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Encana Corporation Message Board

  • blackoutbuzz blackoutbuzz Mar 6, 2013 5:56 PM Flag

    Methanol vs. CNG

    Methanol is produced from natural gas. Methanex - a Canadian company - is adding new production to its New Zealand plant for export to Asia. In Canada MEOX has two plants - one in Alberta and a new one planned for Louisiana. The US plant will start up end of 2014.

    China uses methanol/gasoline blends to operate motor vehicles. I think soon North American cars will be running this blend too. It is similar to running ethanol/gasoline. It is a simpler solution than converting vehicles to CNG operation and logistics are simpler too since it is a liquid like gasoline... no need to build new fuel supply station infrastructure.

    Methanex: Global Methanol Production Facilities
    Our 470,000 tonne per year methanol plant in Medicine Hat, Alberta, restarted in 2011.
    The facility is extremely well positioned to supply customers in Canada and the U.S.

    United States
    In early 2012, Methanex announced it secured land in Geismar, Louisiana, and plans to
    move one of its idle methanol plants in Chile to this location. The final investment
    decision is expected to be made in Q3 2012. The impact of shale gas development in
    North America has resulted in a low price natural gas environment in North America and
    a competitive environment to produce methanol.

    New Zealand
    Methanex owns three methanol plants in Taranaki, New Zealand, representing 2.2 million
    tonnes of potential capacity- two plants in Motunui and one in Waitara Valley. In October
    2008, we restarted one of our idled 850,000 tonne per year Motunui methanol plants and
    idled our 530,000 tonne per year Waitara Valley plant. In early 2012, Methanex announced
    plans to restart the second Motunui methanol plant. The plant is expected to commence
    production in mid-2012 and will add up to 650,000 tonnes of incremental capacity per year.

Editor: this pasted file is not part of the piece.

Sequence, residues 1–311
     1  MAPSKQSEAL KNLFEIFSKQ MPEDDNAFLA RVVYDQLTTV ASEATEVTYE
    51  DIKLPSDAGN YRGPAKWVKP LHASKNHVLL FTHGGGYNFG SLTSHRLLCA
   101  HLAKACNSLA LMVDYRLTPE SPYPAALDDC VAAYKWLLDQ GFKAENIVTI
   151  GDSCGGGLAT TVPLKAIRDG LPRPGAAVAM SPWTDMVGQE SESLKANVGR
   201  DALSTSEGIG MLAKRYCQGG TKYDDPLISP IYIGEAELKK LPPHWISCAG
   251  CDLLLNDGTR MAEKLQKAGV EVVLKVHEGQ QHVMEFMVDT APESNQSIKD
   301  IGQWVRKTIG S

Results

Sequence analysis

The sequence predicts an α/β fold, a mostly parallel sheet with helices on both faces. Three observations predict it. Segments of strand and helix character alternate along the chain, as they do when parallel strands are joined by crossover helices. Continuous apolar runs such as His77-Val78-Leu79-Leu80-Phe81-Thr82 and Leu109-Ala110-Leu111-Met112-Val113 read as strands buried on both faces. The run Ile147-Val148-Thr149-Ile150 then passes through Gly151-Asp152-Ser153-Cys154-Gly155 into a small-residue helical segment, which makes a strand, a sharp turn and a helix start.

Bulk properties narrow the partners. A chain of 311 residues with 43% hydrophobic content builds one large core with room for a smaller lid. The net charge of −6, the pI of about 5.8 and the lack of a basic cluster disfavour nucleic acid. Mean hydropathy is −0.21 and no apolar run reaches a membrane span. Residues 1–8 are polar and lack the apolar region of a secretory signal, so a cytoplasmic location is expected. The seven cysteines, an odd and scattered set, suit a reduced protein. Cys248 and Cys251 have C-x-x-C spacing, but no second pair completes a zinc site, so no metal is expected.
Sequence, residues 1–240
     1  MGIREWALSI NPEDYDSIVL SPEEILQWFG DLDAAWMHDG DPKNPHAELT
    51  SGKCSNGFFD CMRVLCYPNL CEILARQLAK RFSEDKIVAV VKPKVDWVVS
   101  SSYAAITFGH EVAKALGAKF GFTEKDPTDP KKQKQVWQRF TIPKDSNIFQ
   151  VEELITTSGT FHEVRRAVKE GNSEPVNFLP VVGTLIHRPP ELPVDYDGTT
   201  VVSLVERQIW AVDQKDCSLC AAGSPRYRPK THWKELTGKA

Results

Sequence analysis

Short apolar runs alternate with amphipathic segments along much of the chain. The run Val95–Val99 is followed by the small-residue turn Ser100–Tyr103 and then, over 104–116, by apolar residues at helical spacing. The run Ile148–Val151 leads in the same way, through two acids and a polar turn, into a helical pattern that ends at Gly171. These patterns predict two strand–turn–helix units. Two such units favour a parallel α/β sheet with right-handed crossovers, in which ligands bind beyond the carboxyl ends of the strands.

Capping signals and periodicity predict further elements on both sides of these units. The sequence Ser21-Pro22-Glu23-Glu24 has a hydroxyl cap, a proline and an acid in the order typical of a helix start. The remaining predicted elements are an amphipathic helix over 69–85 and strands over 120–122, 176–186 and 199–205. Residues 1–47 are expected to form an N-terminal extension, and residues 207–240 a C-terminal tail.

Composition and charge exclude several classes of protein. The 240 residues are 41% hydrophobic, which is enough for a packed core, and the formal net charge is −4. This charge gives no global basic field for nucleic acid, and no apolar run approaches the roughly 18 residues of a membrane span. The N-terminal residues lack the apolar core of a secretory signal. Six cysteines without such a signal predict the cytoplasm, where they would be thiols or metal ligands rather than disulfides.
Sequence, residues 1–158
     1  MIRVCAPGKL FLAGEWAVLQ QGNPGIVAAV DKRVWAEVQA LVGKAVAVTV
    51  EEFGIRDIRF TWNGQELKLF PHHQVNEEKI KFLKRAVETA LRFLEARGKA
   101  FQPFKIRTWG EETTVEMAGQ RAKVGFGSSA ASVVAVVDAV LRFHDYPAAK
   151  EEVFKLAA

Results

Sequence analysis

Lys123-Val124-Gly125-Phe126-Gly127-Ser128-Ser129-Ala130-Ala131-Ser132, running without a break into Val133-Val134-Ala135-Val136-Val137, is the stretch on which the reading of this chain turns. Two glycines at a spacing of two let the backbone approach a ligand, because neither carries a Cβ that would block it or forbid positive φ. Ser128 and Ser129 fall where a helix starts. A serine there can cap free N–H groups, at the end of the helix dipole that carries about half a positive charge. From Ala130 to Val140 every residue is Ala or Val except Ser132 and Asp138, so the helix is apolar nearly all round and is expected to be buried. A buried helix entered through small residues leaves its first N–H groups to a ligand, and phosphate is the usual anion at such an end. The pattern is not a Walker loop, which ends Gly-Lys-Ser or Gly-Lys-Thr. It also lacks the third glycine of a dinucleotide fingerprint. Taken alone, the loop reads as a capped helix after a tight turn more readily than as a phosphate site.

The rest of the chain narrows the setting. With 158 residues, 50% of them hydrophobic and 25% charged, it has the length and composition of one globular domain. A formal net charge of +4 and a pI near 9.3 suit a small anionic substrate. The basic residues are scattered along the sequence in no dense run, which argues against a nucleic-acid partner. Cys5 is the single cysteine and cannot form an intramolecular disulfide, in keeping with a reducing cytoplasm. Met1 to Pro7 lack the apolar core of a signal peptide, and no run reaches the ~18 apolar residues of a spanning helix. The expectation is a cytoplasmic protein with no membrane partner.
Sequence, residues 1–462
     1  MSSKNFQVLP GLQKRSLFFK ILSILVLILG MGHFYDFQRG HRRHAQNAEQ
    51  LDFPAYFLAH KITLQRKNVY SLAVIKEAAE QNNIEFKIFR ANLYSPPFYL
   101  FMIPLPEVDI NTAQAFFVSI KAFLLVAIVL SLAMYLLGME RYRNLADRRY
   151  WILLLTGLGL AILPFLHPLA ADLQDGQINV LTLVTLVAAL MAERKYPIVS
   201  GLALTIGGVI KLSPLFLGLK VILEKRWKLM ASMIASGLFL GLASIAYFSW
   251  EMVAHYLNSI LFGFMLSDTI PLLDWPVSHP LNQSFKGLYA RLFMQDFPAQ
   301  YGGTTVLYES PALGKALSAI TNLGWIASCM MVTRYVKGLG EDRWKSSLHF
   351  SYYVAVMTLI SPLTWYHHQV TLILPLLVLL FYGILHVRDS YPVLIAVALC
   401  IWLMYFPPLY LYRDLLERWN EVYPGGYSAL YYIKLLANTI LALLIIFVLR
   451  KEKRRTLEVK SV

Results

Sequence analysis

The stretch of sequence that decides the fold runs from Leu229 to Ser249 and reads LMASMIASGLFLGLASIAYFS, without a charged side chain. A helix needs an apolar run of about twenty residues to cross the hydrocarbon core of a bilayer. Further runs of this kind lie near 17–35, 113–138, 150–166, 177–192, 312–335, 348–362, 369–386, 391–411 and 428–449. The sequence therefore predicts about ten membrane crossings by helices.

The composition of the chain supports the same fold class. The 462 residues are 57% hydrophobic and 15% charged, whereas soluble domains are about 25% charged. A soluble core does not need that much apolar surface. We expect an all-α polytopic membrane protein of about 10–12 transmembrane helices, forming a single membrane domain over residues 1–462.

Product from the New Zealand facility is shipped to Asia Pacific

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    • not quite as simple as it first seems. If I can recall methanol helps promote more corrosion of metals and is more sensetive to water/condensation and can separate from the gasoline more easily. While much of these challenges can be mitigated its at some cost. Add to this cng just requires mechanical/physical process for the most part while methanol requires chemistry at a cost energy and capital. cng is just more simple. One would have to agree that liquid methanol is more energy dense than nat gas ie: can store more energy in a smaller volume which is gasolines major advantage.

      • 2 Replies to manylumen
      • The biggest obstacle to CNG IMO is you need to roll out a lot of new infrastructure - new CNG (or maybe even LNG) tanker trucks to deliver to a network of re-fueling stations equipped with natgas storage tanks and 'gas' pumps to fill up the vehicles. With methanol, you blend it at source then use conventional gasoline tanker trucks and existing gas stations to supply the end-users. Not sure about specific corrosion or blending issues since both are alcohols... but any newer FlexFuel car will run either ethanol or methanol blend.

        "FlexFuel" vehicles have upgraded fuel system and engine components which are designed for long life using E85 or M85, and the ECU can adapt to any fuel blend between gasoline and E85 or M85. Typical upgrades include modifications to: fuel tanks, fuel tank electrical wiring, fuel pumps, fuel filters, fuel lines, filler tubes, fuel level sensors, fuel injectors, seals, fuel rails, fuel pressure regulators, valve seats and inlet valves. "Total Flex" Autos destined for the Brazilian market can use E100 (100% Ethanol).

      • Other companies are taking advantage of cheap nat gas like the ammonia or nitrogen fertilizer industry which uses the hydrogen from nat gas to combine with nitrogen to make ammonia/nitrogen fertilizer. the upgrad of the oil sands bitumen is also taking advantage of the cheap nat gas not only for heat to make steam but to take the hydrogen out of the nat gas to add to/upgrade the bitumen. Still waiting for the massive demand from the oil sands expansions to drive nat gas prices up as many predicted.

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